This photo is of the top shelf of the same closet my Hirst Arts blocks are in. The foam “block” in the center of the photo is actually a stack of about a dozen foam miniatures cases, each about 1’x2′ and of varying heights depending on what sort of minis are inside. Basically that stack has over a thousand miniatures. The plastic cases on each side either have more Hirst Arts blocks, uncased miniatures or raw materials for making terrain or miniatures. Two or three of the cases are literally packed full of my dragon minis.

It’s sort of nice having the room all cleaned up, but at the same time I know that my working on minis or terrain is probably going to be on hiatus until we get this house sold and moved to a new one… Sigh.

Entering the realm of bard-dom…

halfling bard

I’ve played a lot of characters in D&D or its variants. Fighters, rangers, wizards, druids, sorcerers, rogues (or thieves), clerics, even a witch now.

But there are two classes I have rather deliberately and pointedly avoided for decades. Yes, decades.

One is the paladin. The other is the bard. I avoid them for entirely different reasons. I avoid the paladin because I find the role playing constraints and GM or other player expectations to be too severe. I’m not much of a “black and white” morality kind of guy, and paladins are all about that. But I haven’t played a bard because… well…

Bards suck.

I mean even in the Order of the Stick online webcomic (online webcomic, that’s redundant isn’t it? Oh well…) the bard is the comedy relief of the party. Even the fundamental concept of the bard strikes nothing but laughter into the heart of most gamers. “Look out, he’s going to … SING!”

But I’ve decided to take the plunge and will be playing a bard in an upcoming campaign, assuming we can find a time when everyone can play. Yes, a bard. A halfling bard at that. So I’ve decided not only to play a class that is woefully unsuited for combat, I’ve picked the least combat suitable race too.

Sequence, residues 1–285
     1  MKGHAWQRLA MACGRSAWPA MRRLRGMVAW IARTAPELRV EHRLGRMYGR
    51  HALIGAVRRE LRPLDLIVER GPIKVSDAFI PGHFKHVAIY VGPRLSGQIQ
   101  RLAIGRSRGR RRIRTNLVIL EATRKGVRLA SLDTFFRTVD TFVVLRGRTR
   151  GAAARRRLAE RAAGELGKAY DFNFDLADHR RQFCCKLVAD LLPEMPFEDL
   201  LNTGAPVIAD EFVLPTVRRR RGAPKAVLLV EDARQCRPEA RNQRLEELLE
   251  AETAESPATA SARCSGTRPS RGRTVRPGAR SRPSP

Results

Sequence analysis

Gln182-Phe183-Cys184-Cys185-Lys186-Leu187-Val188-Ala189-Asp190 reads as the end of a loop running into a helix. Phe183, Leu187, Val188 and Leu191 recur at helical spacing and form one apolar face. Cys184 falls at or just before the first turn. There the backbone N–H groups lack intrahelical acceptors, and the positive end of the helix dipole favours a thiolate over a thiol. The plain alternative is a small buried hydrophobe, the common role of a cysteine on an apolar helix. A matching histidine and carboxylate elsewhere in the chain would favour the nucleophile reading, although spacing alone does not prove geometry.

“Sparky” is his name. I haven’t yet created a miniature for him, but I will. Hopefully it will turn out better than my crappy miniature for Gil the Wonder Gnome. It almost has to, really.

So, why a bard? Well, mostly because the party we have already has all the other standard roles all filled, and I just wanted to finally take the chance to play a class I’ve avoided forever.

I am doing what I can to make him a competent member of the team, but mostly his focus is going to be on performing, diplomacy, bluffing and sneaking around in the dark. In combat he’s mostly going to hide behind the big beefy dudes and fling a sling stone out from time to time. Having picked the “detective” archetype, my bard won’t even have the ability to buff the party with the bard’s signature ability, the “sing a song to buff the party” ability called “inspire courage.” That’s sort of deliberate, and I certainly won’t miss the taunts of “fight fight fight the ugly ogre” from the rest of the team. But without that ability Sparky will have to make up for his limitations in other ways.

To make this work I’m going to have to be quite clever and resourceful. I’m looking forward to it.